They've got your back
Heroes that insist on doing everything on their own must be socially inept, trying to compensate for their insecurities, suffer from horrendous body odor, or all of the above. Saving the world isn't something you do by yourself--you need allies at your side to give you support and cover your six when you're going up against a seemingly unstoppable evil. And no genre emphasizes crowded adventuring parties like the RPG, where everyone has a part to play and no party size is too big (outside of combat, that is). It's always the more, the merrier, and some followers even end up being more interesting than the protagonist who's leading them.
But, as with any video game trope, certain patterns in party member behavior have cropped up over the years. Maybe there are only so many ways to write a supporting character, or maybe writers just like to lean on these tried-and-true archetypes when trying to hit some kind of party member quota. Whatever the case, it seems like the majority of RPG side-characters fall into at least one of these 15 classic archetypes. Just try telling us you haven't grouped up with characters like
The Cool Cat
There are varying degrees of "cool," but The Cool Cat always conveys some level of badassery. Maybe this party member never really feels threatened by the impending doom your team is repeatedly facing. Perhaps they always seem to show up at just the right time, solving your particular crisis with barely any effort and acting like it was no big deal. Rarely do they feel a need to raise their voice, and if there's a particularly emotional scene, you best believe The Cool Cat will just be chillin' calmly on the sidelines while everyone else in the party weeps and moans. You might think they're too detached at times, but it's hard to deny their nonchalant charms and combat prowess.
Notable examples: Garrus (Mass Effect series), Linca (Atelier series), Auron (Final Fantasy X)
Whether in the thick of battle or dialogue trees around the campfire, The Noble always conveys a sense of importance and gravitas. Their clothing is the cutting edge of virtual fashion, and they do everything with a sense of proud (arrogant, even) conviction. Some are friendly; others seem cold and distant. But at all times, The Noble is driven by their own motivation--a personal goal that they hope to accomplish on the way towards helping you defeat evil once and for all. This goal can be the righting of a personal wrong done by or to them, or the exorcism of a personal tragedy that has haunted them for years. Carrying a conversation with The Noble can be tricky, but you know they always mean well.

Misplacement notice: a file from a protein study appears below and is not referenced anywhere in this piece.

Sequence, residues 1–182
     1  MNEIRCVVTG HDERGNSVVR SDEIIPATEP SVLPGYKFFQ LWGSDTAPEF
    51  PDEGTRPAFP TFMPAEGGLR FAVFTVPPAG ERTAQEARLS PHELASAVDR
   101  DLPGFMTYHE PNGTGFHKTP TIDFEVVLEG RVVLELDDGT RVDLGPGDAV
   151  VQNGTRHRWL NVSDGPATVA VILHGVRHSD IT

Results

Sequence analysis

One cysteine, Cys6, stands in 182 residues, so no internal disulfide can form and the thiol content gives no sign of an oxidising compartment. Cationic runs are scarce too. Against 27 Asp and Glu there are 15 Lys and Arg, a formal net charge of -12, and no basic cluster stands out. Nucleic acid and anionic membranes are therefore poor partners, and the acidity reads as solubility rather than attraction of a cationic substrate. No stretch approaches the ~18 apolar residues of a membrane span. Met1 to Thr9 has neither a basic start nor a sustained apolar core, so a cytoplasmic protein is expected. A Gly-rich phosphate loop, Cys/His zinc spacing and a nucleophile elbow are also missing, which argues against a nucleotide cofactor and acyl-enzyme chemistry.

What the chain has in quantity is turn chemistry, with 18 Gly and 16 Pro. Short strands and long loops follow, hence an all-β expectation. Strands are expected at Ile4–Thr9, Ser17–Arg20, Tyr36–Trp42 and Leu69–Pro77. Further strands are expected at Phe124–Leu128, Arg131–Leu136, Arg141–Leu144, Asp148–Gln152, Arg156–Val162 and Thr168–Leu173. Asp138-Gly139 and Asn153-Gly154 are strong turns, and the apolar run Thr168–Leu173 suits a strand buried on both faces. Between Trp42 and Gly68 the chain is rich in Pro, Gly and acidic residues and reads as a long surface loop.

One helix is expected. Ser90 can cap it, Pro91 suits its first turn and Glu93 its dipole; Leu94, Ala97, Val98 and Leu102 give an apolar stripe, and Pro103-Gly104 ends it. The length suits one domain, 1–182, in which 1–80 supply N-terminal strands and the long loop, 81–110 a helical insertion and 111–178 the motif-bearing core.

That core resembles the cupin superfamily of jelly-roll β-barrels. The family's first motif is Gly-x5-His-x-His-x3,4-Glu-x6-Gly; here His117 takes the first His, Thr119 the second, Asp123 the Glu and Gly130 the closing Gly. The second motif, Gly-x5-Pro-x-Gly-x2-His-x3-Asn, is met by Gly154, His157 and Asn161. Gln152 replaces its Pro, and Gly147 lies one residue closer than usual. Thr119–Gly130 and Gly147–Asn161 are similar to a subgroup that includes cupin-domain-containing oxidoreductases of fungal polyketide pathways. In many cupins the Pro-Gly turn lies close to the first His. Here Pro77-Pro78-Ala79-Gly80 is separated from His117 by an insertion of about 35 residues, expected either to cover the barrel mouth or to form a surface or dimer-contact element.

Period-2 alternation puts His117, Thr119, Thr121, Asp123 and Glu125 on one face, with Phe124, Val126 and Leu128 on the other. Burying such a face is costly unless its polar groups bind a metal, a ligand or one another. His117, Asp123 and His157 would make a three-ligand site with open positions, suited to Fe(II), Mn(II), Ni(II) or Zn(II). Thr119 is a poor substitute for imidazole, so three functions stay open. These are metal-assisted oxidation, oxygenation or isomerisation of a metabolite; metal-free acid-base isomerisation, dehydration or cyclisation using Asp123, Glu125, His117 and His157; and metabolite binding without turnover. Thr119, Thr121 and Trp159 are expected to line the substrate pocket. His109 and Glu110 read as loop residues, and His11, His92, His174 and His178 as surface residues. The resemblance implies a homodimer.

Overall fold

Notable examples: Miranda (Mass Effect series), Ashe (Final Fantasy XII), Kiefer (Dragon Quest VII)
The Gentle Giant
Just because you're physically imposing doesn't automatically make you a big bully. Appearances can be deceiving--just ask The Gentle Giant, who's constantly getting misjudged for their colossal stature and intimidating physique. In truth, The Gentle Giant loves peace above all things, and prefers a simple life to all the bloodshed inherent to most RPG adventures. They tend to be more of the strong, silent type, offering a few key words of wisdom to the conversation when you least expect it. On the other side of the spectrum is The Gentle Giant that talks a big game about how tough they are, in a thinly veiled attempt to hide their soft side.
Notable examples: Kimahri (Final Fantasy X), Oengus (Child of Light), Sten (Dragon Age: Origins)
The Irritable Punk
Smirks, scoffs, and "Tch!"s are the native language of The Irritable Punk. They'll help you, sure, but they don't seem particularly happy about it--because they don't owe you anything, man. Like The Cool Cat, you can always count on The Irritable Punk in a fight--but outside of combat, they're incredibly antagonistic, questioning your every action like they know better. When you first try to pry into the deeper layers of their personality, The Irritable Punk will vehemently resist--but keep at it, and you'll soon uncover the good-natured comrade underneath all the unnecessary attitude.
Notable examples: Jack (Mass Effect series), Teepo (Breath of Fire series), Kanji (Persona 4)
The Compassionate Mystic
Healing is, by its very nature, an altruistic role. Putting others before one's self is what The Compassionate Mystic is all about, and they'd gladly sacrifice their well-being if it meant sparing another party member harm. The Compassionate Mystic is often the last of a great lineage, or burdened with a great supernatural power--but they'd only think to use this power in the quest to help others. They're the voice of reason and empathy when other party members demand aggression, acting as a soft-spoken mediator between party members. Even if their constant selflessness sometimes borders on annoying, The Compassionate Mystic is adept at keeping your party healthy during tough fights and rambling on about ancient traditions.
Notable examples: Agnes (Bravely Default), Bastila (Knights of the Old Republic), Yuna (Final Fantasy X)
The Adorable Cutie
Kawaiii! The Adorable Cutie seems too delightful to exist--luckily, this is a video game. Here, they really can maintain that cheery, upbeat attitude all night and day. Upon meeting them, you'll immediately discount their combat abilities; how could anything so sweet possibly do harm to another being? Sometimes, that assumption is accurate--but often, The Adorable Cutie's cuteness conceals expert combat skills or a propensity to cause chaos, knowingly or not. You might find The Adorable Cutie to be gleefully endearing or disgustingly precious, but you can't deny that they always seem to find the lighter side of whatever hardships your party is going through.
Notable examples: Selphie (Final Fantasy VIII), Rise (Persona 4), Rikku (Final Fantasy X)
The Boring One
Hey, it'sthat person! If only you could remember their name, backstory, abilities, or motivations, maybe you'd actually like The Boring One. But as it stands, nothing about them seems all that memorable, and your other party members are so much more interesting by comparison. It's not that they're downright awful--they're just so "meh." If you're going to be spending 80 hours with a virtual ally, it sure as hell isn't going to be The Boring One. Yeah, you'll talk to them between quests, but only to see if they've somehow developed any kind of distinctive personality yet. Spoilers: They haven't, and likely never will.